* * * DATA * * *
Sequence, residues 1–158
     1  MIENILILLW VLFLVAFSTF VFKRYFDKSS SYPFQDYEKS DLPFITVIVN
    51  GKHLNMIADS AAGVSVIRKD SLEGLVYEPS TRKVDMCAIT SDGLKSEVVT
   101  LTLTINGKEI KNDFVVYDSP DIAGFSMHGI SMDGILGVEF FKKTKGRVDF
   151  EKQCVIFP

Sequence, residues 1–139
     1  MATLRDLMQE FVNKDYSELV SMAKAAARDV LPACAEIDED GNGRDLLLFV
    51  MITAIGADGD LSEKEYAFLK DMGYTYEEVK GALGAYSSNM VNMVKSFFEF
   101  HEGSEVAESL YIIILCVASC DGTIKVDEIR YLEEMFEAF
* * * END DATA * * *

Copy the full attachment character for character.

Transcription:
Sequence, residues 1–158
     1  MIENILILLW VLFLVAFSTF VFKRYFDKSS SYPFQDYEKS DLPFITVIVN
    51  GKHLNMIADS AAGVSVIRKD SLEGLVYEPS TRKVDMCAIT SDGLKSEVVT
   101  LTLTINGKEI KNDFVVYDSP DIAGFSMHGI SMDGILGVEF FKKTKGRVDF
   151  EKQCVIFP

Sequence, residues 1–139
     1  MATLRDLMQE FVNKDYSELV SMAKAAARDV LPACAEIDED GNGRDLLLFV
    51  MITAIGADGD LSEKEYAFLK DMGYTYEEVK GALGAYSSNM VNMVKSFFEF
   101  HEGSEVAESL YIIILCVASC DGTIKVDEIR YLEEMFEAF